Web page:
Fourteen years after he abruptly called it a career, boarded a plane to London, and very willfully withdrew himself from the white-hot spotlight that a once-a-generation player of his caliber commands, Barry Sanders remains the most electric, elusive running back to have played professional football since the great Jim Brown.
And like the iconoclastic Brown, he retired early -- in 1998, at age 31, in his prime, with his body intact -- and less than 1,500 yards away from the then-all-time rushing record.
Now, at age 44, Detroit Lions Hall-of-Fame running back Barry Sanders still travels the world. His son, Barry Jr., is a freshman on the Stanford football team. And he is the the national spokesman for the Pro Football Hall-of-Fame's Gridiron Glory traveling exhibit, which opens Saturday at the Heinz History Center.
I was able to speak with him for a few minutes by phone earlier this week.
Q. Your retirement was hailed as a bold move -- leaving on your own terms, in your prime. With the benefit of hindsight, you also eliminated your exposure to head injuries, which are a major concern now. Would you encourage players today to get out early?
SANDERS: I don't know if I would encourage it -- I think it depends on how much football they have left in them. Its something you have to plan for. That day certainly has to come for every player … It’s a very individual decision, but I certainly wouldn’t discourage it [either].
Whether its because of injury, or whether its getting out and getting acclimated to what life is going to be like after you play -- that's something you're going to have to deal with the rest of your life. It's something that you can't run from. It’s a difficult question. I wouldn’t encourage it, I wouldn’t discourage it. I would just say that it’s a very individual decision. … But every player has to know -- whether its sooner or later -- its that time, and so you've got to prepare for it.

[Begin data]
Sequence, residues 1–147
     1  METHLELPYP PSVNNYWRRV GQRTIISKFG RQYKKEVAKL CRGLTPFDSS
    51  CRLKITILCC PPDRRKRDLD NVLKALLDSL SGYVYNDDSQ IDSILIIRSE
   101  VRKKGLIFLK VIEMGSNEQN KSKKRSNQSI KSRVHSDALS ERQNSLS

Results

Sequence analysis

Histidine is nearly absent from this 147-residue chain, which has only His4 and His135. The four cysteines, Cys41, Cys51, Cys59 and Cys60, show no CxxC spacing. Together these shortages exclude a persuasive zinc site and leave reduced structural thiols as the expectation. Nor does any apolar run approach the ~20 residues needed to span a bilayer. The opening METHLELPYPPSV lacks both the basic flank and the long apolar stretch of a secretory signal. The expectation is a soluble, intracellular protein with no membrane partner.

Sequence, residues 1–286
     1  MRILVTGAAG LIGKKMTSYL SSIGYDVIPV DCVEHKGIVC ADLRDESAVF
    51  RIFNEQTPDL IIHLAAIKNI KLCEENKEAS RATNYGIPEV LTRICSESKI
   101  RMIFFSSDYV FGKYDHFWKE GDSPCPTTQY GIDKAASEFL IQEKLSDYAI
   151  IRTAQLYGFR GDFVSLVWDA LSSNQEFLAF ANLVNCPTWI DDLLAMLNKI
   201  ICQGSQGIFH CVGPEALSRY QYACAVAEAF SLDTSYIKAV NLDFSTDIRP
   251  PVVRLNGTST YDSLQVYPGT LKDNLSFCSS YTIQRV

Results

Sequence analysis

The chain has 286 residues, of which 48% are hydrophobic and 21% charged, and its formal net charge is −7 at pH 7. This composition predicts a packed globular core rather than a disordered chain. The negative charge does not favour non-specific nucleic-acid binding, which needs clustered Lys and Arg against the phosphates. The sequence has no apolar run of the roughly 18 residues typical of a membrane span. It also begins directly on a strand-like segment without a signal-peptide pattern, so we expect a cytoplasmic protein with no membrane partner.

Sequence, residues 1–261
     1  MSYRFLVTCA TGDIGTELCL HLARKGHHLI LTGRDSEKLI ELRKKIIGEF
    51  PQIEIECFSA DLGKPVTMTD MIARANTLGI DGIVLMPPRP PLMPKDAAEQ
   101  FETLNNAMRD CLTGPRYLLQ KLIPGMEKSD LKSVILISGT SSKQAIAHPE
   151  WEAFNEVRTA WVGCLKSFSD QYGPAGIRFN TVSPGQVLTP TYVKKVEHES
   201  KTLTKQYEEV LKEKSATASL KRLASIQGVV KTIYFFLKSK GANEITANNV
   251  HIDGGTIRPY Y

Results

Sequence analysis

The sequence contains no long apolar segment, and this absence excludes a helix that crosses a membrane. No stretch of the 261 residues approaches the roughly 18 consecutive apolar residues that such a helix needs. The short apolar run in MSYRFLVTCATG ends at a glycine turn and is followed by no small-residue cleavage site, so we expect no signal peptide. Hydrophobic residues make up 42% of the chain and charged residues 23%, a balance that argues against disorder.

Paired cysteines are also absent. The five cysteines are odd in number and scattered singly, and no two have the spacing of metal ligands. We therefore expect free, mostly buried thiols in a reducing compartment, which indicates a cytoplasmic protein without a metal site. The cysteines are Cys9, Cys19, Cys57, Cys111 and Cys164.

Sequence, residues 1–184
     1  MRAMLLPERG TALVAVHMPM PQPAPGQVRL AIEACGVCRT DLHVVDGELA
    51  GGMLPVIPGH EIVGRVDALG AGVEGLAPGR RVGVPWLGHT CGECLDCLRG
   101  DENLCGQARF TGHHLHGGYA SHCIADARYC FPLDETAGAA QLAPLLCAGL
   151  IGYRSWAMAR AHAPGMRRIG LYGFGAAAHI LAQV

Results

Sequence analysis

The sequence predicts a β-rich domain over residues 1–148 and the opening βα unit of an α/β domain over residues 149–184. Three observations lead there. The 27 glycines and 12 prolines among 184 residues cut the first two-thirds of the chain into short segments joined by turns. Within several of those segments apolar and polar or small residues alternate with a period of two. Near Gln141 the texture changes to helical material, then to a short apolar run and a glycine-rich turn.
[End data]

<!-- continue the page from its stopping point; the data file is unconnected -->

Q. Watching NFL Films clips of you -- your eyes were like saucers when you hit the hole. Did you think when you ran or was it all instinct and you were on cruise control?
SANDERS: I sort of think it was a lot of both. I spent a lot of time just kind of dreaming and thinking about the game. I spent a lot of time working out. So I think it was really just a combination of the two things. I believe that I was sort of a creative runner in a lot of my runs. I feel like I spent so much time daydreaming about football and doing a lot of those things in my imagination.
The interest for me in football and running the football started way back -- whether I was daydreaming about the game or weather I was drawing pictures of football players as a kid, or whether I was out in my backyard [playing]. But obviously I was gifted and talented with a lot so it was a combination of those things that allowed me to be the kind of player I was.
Q. You only played twice here in Pittsburgh, and one game was infamous locally -- in 1995 at Three Rivers Stadium you put a move on Rod Woodson and he went to the ground with a torn ACL. What do you remember about that play?
SANDERS: I've had a chance to talk to Rod a little bit about that -- I see him on occasion. They had some great teams there -- some great defenses and great defensive players. Rod was right in the middle of that. He is one of those guys that was such a terrific player. I don’t know if his injury was a result of what I did, or the turf -- that hard, beat-up turf they played on over there. But I definitely remember that game.